as a habit, as a virtue, what that means is love is like this this interior disposition, this inclination that is cultivated in you so that you become a
certain kind of person who is leaning in a certain direction and toward a certain end. When we call something a habit that means it’s second nature. It comes to you without
having to think about it. It’s just part of the
fabric of who you are. It’s like breathing and blinking. And to make love a habit in that way is for it to become so
woven into the fabric of your character that now it bubbles up from who you are. But here’s the deal: the way you learn to
love is through practice. There’s not a direct channel from the intellectual
deposits into your mind about what you ought to love to then all of a sudden that [snaps] just flipping a switch and you now have the dispositions. The formation of our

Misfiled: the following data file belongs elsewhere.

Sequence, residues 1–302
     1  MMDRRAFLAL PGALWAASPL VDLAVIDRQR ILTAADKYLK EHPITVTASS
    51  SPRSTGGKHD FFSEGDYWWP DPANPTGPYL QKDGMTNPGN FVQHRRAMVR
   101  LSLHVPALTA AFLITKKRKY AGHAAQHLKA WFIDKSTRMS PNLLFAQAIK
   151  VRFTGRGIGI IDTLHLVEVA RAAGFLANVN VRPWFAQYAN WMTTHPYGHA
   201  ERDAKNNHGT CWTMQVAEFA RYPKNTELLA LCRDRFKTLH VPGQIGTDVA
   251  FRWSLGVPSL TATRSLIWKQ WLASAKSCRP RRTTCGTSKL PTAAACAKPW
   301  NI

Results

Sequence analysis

loves actually takes time, of being part of a people that is oriented towards a certain end. So not only is love itself
in some ways unconscious, the formation of our loves
can also be unconscious. If you learn to love and how to love and what to love through the rhythms and
routines and rituals that you are a part of… Friends one of the things
I want us to realize is that means that you
might be learning to love in places you didn’t even realize. But it also means you could be learning to love the wrong things [laughs] in the wrong way. You can become a people who consciously and intellectually have
all the right convictions about who you want to be and who you want to worship. And yet because your loves are shaped at this unconscious level, you don’t even recognize the way that your heart is being bent and misoriented and miscalibrated
as we said last night to some rival god, to some rival kingdom. Our idolatries are not primarily
intellectual convictions. They are affective capturings. So consider the implications of that for what you love. If you think of… Let’s call love shaping
practices, routines, rituals, I want to call those liturgies okay? Not just to use a sort
of high churchy word, but to say that we are talking about loaded love shaping practices. Liturgies are the most
formative kinds of practices. If liturgies are love